Permission Culture: Want To Quote A Single Sentence In A Book? Pay Up!

from the copyright-law-at-work dept

Benjamin points us to yet another (and another and another) example of copyright law gone insane. It involves Kyle Gann, a music professor, composer, author, etc. who was working on his latest book, but had to drop an entire section because he wasn't allowed to quote short sentences that are, themselves, apparently considered works of art, without getting permission from the original authors:
I've been trying to get permission simply to refer to Fluxus pieces like La Monte Young's "This piece is little whirlpools in the middle of the ocean," and Yoko Ono's "Listen to the sound of the earth turning." And of course, Yoko (whom I used to know) isn't responding, and La Monte is imposing so many requirements and restrictions that I would have to add a new chapter to the book, and so in frustration well past the eleventh hour, I've excised the pieces from the text.
Yes, it's become so impossible to quote a single short sentence, that it's just not worth doing at all. Welcome to permission society. Some copyright system believers may claim that this is just the market at work, but it certainly seems a lot more like an undue restriction on freedom of expression at the hands of copyright law. I can't see, frankly, how using copyright law to ban such writing isn't a clear violation of the First Amendment. He even wasted a bunch of time thinking about ways around this:
Some of these pieces are too brief to refer to without quoting them in their entirety. How do you use Nam June Paik's "Creep into the vagina of a living female whale" as an example without giving the whole piece away? How am I supposed to refer to it: "Creep into the vagina, etc"? Call it Danger Music No. 5 and tell you to look it up? Paraphrase it: "crawl into the birth canal of a matronly member of the order Cetacea"? And if the copyrights are held by unreasonable people who can hold your book hostage to their detailed demands, then it's just time to find a different research area. The situation is absurd, somebody under whatever questionable chemical influences scrawls seven words on a piece of paper and 50 years later I can't refer to that piece of paper without paying someone some money and following their prescriptions.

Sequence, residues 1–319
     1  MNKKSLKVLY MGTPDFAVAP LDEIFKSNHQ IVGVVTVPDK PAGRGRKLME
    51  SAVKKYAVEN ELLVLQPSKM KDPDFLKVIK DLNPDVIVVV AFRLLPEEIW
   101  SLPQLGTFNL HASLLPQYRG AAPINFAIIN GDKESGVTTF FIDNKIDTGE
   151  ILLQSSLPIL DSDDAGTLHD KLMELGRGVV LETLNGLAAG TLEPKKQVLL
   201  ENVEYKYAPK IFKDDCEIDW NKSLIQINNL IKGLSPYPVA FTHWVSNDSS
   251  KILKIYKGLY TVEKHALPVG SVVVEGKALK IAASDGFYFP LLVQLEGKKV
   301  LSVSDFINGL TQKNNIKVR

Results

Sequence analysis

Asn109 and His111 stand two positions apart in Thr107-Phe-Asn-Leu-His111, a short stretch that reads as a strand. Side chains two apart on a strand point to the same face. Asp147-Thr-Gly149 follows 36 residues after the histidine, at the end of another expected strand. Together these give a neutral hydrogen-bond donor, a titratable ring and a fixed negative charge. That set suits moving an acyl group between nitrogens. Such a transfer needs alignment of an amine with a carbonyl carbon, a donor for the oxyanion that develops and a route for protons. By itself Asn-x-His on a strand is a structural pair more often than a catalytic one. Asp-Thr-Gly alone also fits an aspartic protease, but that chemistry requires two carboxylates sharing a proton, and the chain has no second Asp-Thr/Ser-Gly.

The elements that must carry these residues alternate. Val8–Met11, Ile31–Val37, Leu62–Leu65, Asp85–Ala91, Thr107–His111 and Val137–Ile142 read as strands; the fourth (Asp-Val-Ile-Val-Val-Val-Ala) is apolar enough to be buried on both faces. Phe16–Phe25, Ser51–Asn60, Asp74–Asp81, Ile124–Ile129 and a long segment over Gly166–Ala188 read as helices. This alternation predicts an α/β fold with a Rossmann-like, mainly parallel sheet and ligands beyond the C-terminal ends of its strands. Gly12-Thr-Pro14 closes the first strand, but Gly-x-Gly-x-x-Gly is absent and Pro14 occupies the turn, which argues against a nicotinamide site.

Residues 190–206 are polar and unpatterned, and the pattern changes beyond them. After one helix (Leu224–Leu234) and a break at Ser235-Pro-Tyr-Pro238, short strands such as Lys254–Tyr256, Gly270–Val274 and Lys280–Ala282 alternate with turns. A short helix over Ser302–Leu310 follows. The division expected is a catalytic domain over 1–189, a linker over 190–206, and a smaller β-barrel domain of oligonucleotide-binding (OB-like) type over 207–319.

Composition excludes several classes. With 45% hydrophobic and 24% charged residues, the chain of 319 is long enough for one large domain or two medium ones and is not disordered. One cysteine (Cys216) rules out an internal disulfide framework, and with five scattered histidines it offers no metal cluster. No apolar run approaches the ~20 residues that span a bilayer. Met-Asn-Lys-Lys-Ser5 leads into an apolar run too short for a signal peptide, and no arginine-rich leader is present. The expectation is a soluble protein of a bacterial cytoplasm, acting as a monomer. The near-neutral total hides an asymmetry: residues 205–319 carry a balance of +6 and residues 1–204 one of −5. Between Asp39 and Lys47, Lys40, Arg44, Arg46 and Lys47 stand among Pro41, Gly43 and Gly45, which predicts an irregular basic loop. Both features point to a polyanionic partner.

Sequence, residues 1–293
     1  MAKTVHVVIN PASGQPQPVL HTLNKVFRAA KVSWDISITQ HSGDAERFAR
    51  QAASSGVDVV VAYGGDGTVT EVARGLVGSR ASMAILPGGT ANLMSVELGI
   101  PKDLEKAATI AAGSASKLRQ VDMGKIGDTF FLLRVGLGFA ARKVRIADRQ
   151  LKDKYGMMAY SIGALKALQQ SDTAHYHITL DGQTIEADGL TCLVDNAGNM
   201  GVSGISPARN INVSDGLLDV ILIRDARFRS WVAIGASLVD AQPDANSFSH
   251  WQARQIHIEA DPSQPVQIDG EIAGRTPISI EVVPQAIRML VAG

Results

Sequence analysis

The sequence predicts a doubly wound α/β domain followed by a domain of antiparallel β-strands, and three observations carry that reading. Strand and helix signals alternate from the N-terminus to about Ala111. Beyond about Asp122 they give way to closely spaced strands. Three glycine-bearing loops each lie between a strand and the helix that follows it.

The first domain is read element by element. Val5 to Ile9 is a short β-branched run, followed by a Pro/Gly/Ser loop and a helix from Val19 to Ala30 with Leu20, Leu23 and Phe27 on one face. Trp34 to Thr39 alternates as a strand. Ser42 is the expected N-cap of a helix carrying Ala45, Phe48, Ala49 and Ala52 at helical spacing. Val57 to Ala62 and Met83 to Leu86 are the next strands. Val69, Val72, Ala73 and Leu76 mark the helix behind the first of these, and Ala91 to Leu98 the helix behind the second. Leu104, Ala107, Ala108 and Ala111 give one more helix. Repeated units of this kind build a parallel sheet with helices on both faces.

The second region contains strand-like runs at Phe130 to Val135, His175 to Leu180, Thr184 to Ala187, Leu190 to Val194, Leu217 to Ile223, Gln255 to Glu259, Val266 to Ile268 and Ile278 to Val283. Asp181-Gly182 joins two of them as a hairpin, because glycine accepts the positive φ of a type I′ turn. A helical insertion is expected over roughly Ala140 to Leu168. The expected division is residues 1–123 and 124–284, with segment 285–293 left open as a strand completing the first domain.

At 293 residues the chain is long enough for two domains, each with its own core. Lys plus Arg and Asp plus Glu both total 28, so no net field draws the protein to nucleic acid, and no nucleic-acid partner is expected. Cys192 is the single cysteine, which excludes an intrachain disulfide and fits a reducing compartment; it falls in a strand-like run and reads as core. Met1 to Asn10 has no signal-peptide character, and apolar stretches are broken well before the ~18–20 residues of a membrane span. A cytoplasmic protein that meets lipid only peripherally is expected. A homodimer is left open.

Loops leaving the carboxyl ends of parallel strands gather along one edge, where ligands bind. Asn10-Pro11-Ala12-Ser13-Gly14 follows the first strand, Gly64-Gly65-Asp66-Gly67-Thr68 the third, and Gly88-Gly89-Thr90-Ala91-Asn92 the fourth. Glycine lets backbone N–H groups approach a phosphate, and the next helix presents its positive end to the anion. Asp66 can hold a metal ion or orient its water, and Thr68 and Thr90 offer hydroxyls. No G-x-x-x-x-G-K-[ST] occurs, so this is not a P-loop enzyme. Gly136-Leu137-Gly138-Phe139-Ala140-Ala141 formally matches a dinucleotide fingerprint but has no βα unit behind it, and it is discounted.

Now, I would think that Gann would have a pretty clear claim to fair use if he were to use the phrases he wanted, but it appears his publisher doesn't even want to bother with the potential battle -- and since fair use is (as copyright maximalists gleefully love to remind everyone) merely a "defense" rather than a "right" (which isn't entirely accurate either), the only way to guarantee that this is fair use is to (a) get sued and (b) have a court rule on it -- something that no one should have to contemplate, just while writing a book on art. What a shame and a loss. Yet, it's what this world has become thanks to out of control copyright law and this sense of "permission culture," where even free expression now requires a request for permission and an open checkbook.

Filed Under: art, copyright, kyle gann, permission culture

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  1. icon
    Isaac K (profile), 28 Jul 2009 @ 6:20am

    Fair Use idea?

    God, this is getting so frustrating to work with.

    Perhaps we could petition to setup a legally recognized organization with the ability to determine "fair use."
    Basically send in a brief and have it ruled preemptively as fair use before publishing/implementation and therefore exempt.

    Admitedly, as an economist I recognize that this places significant friction in what otherwise SHOULD be a rather frictionless process.

    HOWEVER, preemptive rulings will shut up those who sue at the drop of a hat. If we implement the right (requirement) of a court to fine those who bring suit against the party who obtained preemptive fair use, it WILL dampen the random suing of individuals by presumptive "rights owners."

    Essentially, we can use the "chilling effect" in the opposite manner, where people become reluctant to sue under the presumption that prior fair use was already obtained and thus that they face an automatic fail.

    Since the use would be determined by a legal body, there could be no belly-aching about "enabling rampant file-sharing," since it would already be denied in such cases (except in rare circumstance) from fair use.

    ON THE OTHER HAND, it would prevent the RIAA, MPAA and various record companies from being so triggerhappy in gunning for derivative works in an attempt to shut them down.

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